Vocational training to improve rain fed agricultural productivity in Morocco.
A Rotary Funded Program
Sept 2023 and February/March 2024
This project was made possible through the generous funding by way of a Global Grant from The Rotary Foundation, supplemented with District Designated Funds from Rotary District 9510 in South Australia (through the Rotary Club of Port Pirie) and contribution from The Rotary Club of Casablanca El Fida. We would also like to thank the many people who we visited and explored ideas with across both Australia and Morocco. They all gave their time willingly and enthusiastically to support the concept behind this project and help make it a success.
Team Members
Visiting Moroccan Team- Oussama El Gharras, Rachid Dahan, Abid Essadaoui, Abedelaziz (Aziz) Zine el Abidine, Hamid Zaz (Rotary Club of Casablanca El Fida)
Australian Team- Dr. Allan Mayfield, Barry Mudge (Rotary Club of Port Pirie)
Executive Summary
Similarities between the climates in North Africa and southern and western Australia have seen many collaborative agricultural projects in the past. There remains much we can learn from the cooperation between farmers and agricultural scientists in both communities. Australia has a well-developed farming system aimed at extracting maximum productivity from a low, variable and potentially declining rainfall. This project continued the historical cooperation by bringing a small team to Australia and then reciprocating with a visit to Morocco. Throughout the visits, the team members were exposed to a range of Australian innovations which could have applicability in Morocco. We summarised these learnings by noting some areas which we see as having the potential to improve productivity in North African non-irrigated mixed farming;
 •             Developing a local protocol for measuring WUE and applying this more widely within research programs. A necessary part of this could be to broaden knowledge of soil water characteristics on widely varying soil types. Australia has very good expertise in this area and would be able to assist.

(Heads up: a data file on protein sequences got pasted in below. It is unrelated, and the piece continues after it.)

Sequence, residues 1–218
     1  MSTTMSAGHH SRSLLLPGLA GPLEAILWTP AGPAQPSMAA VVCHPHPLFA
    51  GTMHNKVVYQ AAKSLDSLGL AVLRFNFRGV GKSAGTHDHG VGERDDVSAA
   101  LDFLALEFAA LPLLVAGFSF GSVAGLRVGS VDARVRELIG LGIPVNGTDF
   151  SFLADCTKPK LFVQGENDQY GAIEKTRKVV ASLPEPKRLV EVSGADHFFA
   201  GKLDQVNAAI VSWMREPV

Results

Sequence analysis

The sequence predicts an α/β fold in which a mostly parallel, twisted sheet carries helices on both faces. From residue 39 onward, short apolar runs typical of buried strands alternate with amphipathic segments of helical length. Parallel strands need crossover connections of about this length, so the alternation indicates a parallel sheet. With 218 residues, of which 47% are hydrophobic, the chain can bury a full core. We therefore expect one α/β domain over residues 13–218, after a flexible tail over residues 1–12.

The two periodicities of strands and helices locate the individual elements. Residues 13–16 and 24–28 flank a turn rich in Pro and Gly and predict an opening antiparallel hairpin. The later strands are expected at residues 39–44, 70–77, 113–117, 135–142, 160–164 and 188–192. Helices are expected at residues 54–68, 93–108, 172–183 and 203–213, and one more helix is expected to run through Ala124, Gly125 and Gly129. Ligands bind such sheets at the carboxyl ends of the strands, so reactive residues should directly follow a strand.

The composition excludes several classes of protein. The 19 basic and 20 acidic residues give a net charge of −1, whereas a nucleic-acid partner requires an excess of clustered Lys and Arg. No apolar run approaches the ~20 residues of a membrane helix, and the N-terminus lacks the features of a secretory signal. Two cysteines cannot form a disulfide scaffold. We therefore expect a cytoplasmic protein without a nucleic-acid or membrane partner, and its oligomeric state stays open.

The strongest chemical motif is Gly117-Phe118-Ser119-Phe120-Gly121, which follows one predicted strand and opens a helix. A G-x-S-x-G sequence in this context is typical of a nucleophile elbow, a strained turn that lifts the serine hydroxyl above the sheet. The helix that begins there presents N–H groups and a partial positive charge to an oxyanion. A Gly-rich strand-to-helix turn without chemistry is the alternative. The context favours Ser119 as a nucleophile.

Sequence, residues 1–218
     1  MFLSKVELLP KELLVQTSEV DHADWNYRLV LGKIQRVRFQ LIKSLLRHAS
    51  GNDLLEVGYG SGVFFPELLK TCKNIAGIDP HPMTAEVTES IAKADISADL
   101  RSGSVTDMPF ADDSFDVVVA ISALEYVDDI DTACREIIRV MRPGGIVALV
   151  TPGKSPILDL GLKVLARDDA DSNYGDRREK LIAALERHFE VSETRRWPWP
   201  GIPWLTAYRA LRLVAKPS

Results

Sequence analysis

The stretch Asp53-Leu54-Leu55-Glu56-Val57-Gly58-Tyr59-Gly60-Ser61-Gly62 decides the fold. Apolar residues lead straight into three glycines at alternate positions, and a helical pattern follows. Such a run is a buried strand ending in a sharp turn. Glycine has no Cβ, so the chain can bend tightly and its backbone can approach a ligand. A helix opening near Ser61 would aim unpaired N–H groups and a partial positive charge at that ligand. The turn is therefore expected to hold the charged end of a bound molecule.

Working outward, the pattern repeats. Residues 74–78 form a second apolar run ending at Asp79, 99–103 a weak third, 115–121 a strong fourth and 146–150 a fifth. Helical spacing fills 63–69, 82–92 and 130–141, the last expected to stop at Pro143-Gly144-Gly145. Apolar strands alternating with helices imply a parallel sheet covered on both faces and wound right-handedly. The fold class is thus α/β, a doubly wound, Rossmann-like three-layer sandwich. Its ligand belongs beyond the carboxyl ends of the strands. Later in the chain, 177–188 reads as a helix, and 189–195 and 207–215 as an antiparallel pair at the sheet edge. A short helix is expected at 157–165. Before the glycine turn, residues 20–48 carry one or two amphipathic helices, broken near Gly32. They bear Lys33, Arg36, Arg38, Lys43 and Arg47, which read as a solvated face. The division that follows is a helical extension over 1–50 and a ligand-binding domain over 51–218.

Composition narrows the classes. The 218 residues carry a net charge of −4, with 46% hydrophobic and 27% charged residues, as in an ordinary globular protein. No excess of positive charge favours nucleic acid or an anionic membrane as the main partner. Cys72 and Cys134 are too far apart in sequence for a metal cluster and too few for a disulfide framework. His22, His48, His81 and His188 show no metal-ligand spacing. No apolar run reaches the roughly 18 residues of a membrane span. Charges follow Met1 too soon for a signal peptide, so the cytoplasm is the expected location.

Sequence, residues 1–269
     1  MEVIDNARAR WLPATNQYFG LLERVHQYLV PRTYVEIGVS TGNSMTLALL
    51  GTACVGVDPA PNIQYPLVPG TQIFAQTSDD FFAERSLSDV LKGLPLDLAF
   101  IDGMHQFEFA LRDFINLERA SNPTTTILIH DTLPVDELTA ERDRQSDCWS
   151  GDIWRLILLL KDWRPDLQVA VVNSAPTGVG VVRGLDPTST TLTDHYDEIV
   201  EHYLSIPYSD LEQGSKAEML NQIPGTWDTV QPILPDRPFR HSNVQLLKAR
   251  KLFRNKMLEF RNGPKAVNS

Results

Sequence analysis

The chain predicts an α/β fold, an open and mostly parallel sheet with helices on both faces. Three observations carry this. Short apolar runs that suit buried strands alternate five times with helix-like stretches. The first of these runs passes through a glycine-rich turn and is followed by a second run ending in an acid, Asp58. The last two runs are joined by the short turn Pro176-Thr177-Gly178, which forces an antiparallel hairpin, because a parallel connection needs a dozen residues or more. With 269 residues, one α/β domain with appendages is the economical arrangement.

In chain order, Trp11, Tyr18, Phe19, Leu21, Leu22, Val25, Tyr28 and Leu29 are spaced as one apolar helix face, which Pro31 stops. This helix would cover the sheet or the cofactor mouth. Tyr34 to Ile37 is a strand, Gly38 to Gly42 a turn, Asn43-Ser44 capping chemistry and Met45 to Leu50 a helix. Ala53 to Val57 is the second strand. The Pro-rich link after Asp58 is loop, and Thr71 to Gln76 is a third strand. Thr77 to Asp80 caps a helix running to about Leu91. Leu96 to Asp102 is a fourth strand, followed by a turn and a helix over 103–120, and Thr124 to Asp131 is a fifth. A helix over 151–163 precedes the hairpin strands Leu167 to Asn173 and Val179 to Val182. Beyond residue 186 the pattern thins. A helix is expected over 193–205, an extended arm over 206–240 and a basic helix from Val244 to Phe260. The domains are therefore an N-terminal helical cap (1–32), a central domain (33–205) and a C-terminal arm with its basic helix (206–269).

•              Support the wider availability and use of historical climate records to aid farmer decision making. The authors accept their poor knowledge of how the weather recording systems operate in Morocco but see strong advantages in working at an institutional level to improve access.
•              Increased focus on soil water balance in crop sequencing. More trials on the effect of fallow weeds on soil water and nitrogen carry-over to the subsequent crop and the potential benefit of removing these weeds (perhaps by chemical means) earlier.
•              Extension support for the adoption of fodder mixes (cereal/legume) in the rotation to improve nitrogen balance, weed control and retention of soil water prior to the cereal phase.
•              The use of lower seed rates is also supported.
•              Testing of the yield benefit of the use of press wheels in the seeding process to obtain more even depth of cover and to create a furrow for moisture harvesting.
•              Research and testing of the logistical and economic benefits of increased mechanisation of harvesting, particularly grain legumes. Including the use of steel rollers after seeding to better prepare the soil surface for hay or harvest.
•              More testing of current or potentially innovative chemicals for weed control in rotation crops such as legumes and canola.
•              Greater emphasis on developing protocols for on-farm retention of seeds to allow wider and quicker adoption of improved varieties.
•              Investigate training opportunities for Moroccan agriculturalists to improve skills to increase crop water use efficiency systems.
We remain enthusiastic about maintaining collaboration between Moroccan and Australian farmers and scientists for the mutual benefit of